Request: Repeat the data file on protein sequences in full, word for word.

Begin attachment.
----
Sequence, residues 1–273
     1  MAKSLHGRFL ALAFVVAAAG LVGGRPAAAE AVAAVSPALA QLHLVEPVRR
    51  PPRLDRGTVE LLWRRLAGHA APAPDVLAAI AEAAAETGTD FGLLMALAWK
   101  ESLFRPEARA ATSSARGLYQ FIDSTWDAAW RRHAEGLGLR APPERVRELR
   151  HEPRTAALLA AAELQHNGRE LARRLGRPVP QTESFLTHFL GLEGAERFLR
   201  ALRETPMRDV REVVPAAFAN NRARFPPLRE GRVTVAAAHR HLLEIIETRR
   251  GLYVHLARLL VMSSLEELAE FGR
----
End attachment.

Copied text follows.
Sequence, residues 1–273
     1  MAKSLHGRFL ALAFVVAAAG LVGGRPAAAE AVAAVSPALA QLHLVEPVRR
    51  PPRLDRGTVE LLWRRLAGHA APAPDVLAAI AEAAAETGTD FGLLMALAWK
   101  ESLFRPEARA ATSSARGLYQ FIDSTWDAAW RRHAEGLGLR APPERVRELR
   151  HEPRTAALLA AAELQHNGRE LARRLGRPVP QTESFLTHFL GLEGAERFLR
   201  ALRETPMRDV REVVPAAFAN NRARFPPLRE GRVTVAAAHR HLLEIIETRR
   251  GLYVHLARLL VMSSLEELAE FGR